As the weather cools, I start running low on excuses.
A few months back, a palo verde tree dropped dead. It’s still there. I just couldn’t deal with it the day it did a belly flop near the house. It was 115 degrees out. September heralded in highs of 100 degrees. Still too hot for me.
It’s no secret why I never took up roofing as an occupation.
Now the mornings are cooling down. Cooler days will follow.
My excuses are melting away.
The tree in question wasn’t huge. It’s not like some 100-year-old maple tree came crashing down on the house. It was your average scruffy foothills palo verde. Maybe a palo verde root borer got to it. Poor tree.
I can see it from my driveway, lying there — roots and all. I need to give it a decent send-off. I’ll just fire up the old chainsaw. Well, it’s not that old. I bought it a few months ago. Cindy didn’t think it was a good idea. She’s worried something might happen.
Maybe she’s thinking of the time she drove me to urgent care after I sliced my thumb with a box cutter. There’s a lot of blood in a thumb.
Sure, she can make a case. Maybe I’m not the guy to be swinging around a whirring chainsaw. But there’s a big difference here. Cindy was holding the box when my thumb got in the way. She won’t be holding down the palo verde tree, though I haven’t asked her yet.
I’ll have to handle this one myself. It’s still early. I’ll have all fall, winter and early spring to tackle the job. February sounds good.
I have other work to tend to. Work I put off in the heat of the summer. The palo verde tree is near the top of a small wash that runs along the east side of our house. The javelina made themselves comfortable there.
They slept there. They raised families there. And, most notably, they pooped there. And the coyotes supplied them with newspapers stolen off our driveway. I think the spot was more of a time-share. Javelina left the lights on for the coyotes.
I began cleanup in March. By April, the excuses started to pile up. The thermometer was nuzzling 100. Too hot. I’d have to wait until October. That sounded about right. In April, October seemed a world away. But time keeps on ticking. Now the javelina poop calls, as does the scrubby tree the javelina settled under.
In my earlier cleanup, I scooped up poop with a flat shovel. I cut away tree limbs, dead and living. I even gave my then-new chainsaw a spin. I used it for about 10 minutes, then went back to the owner’s manual.
I learned a big lesson. It’s a good idea to read a chainsaw manual beforehand. It’s not the toaster manual. I have a pretty good idea how my new toaster works. Chainsaw? I thought I had that down, too.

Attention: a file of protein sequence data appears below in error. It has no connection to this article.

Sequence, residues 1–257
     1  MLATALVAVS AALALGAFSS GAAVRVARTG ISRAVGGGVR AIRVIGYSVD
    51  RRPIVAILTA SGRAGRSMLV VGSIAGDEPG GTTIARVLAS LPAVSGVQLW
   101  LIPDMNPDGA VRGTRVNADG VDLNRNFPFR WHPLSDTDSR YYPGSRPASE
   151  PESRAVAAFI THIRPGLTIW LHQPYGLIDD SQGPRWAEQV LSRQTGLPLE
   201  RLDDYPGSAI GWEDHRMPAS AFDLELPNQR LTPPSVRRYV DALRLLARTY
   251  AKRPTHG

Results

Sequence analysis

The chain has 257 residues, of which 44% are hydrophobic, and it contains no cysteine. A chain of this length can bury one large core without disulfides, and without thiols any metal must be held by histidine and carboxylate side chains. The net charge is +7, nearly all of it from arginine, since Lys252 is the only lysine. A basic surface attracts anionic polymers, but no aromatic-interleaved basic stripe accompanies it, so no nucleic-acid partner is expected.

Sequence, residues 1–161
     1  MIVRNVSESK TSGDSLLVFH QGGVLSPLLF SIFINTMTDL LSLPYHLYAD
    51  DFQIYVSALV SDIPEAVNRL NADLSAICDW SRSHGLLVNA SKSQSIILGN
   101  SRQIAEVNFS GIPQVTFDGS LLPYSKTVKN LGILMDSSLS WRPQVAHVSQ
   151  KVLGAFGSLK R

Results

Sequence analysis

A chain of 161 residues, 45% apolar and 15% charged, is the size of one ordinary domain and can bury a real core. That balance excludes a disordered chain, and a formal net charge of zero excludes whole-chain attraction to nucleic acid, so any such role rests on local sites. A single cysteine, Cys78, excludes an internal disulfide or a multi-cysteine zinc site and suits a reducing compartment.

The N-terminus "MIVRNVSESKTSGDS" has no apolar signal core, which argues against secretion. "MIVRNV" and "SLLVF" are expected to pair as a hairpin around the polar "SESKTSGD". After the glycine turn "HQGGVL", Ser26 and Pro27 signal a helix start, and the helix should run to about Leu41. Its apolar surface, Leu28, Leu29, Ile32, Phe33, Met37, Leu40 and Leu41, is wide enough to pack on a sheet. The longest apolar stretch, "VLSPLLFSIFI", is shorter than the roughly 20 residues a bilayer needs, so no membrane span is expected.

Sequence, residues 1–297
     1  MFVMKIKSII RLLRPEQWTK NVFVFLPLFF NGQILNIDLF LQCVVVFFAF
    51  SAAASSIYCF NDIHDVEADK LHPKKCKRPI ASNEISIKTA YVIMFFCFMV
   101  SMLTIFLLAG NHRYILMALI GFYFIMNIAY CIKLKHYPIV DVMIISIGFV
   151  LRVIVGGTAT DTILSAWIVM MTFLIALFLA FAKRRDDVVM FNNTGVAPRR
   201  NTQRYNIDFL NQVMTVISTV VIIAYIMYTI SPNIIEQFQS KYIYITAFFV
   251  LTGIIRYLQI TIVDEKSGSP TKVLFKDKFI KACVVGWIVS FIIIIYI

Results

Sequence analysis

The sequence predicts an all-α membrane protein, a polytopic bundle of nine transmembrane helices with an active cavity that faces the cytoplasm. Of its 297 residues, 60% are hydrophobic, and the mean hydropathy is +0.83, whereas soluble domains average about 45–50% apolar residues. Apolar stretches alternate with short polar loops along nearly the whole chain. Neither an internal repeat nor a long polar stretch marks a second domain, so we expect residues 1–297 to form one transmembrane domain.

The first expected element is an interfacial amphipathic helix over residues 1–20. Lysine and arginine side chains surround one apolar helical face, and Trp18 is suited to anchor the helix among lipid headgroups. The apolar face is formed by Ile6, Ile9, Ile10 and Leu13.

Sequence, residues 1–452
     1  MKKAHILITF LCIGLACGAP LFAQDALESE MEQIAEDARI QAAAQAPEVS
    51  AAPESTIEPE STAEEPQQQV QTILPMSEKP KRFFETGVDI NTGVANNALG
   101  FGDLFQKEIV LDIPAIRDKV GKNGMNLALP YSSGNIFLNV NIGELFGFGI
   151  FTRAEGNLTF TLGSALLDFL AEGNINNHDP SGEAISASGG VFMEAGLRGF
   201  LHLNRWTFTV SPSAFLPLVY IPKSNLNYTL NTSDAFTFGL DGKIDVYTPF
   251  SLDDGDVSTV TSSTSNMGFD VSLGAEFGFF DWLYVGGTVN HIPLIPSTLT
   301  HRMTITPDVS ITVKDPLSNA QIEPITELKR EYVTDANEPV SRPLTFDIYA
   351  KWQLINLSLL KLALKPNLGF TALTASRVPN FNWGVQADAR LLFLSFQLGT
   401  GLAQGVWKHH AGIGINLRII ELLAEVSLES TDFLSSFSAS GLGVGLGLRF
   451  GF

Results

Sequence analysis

But something wasn’t right. So I flipped through a few pages. And there it was: Do not cut with the end of the chainsaw. Otherwise, you’ll need more than a few stitches at urgent care.
Let’s be clear. I’m not advising anyone on how to use a chainsaw. Read the directions. As a matter of fact, I’m beginning to wonder why my toaster burns everything. Maybe I should check the manual.
The chainsaw is battery-operated. The same battery powers a weed whacker and a hedge trimmer. I’ll soon have to put them to work, too. I have a creosote in the backyard that’s out of control.
It’s right next to a patch of grass I planted for the dogs. Benji in particular likes to roll around in it. He lies on his back and scratches it on the Bermuda. He used to do this in the dirt. So the grass was a big improvement.
Whatever water the grass doesn’t use, the creosote gladly soaks up. And now it’s the size of an English garden hedge. It needs trimming. I can do that, as long as I get to it before the beginning of summer. Sometime around Easter.
As it so happens, I already trimmed one side. Now I just have to pick up and dispose of the branches lying in a heap by the grass. I’m waiting for a sign, like a daytime high of 75.
My comfort zone is something of a moving target. Anything above 110? Definitely out. The low 100s? It won’t trigger a heat advisory. But let’s face it, still hot. The 90s? Won’t fry an egg, but it’ll go bad pretty fast. The 80s? The desert sun makes everything seem hotter. And cloudy days are kind of depressing.
The 70s are just right. Maybe too nice to waste on back-breaking labor.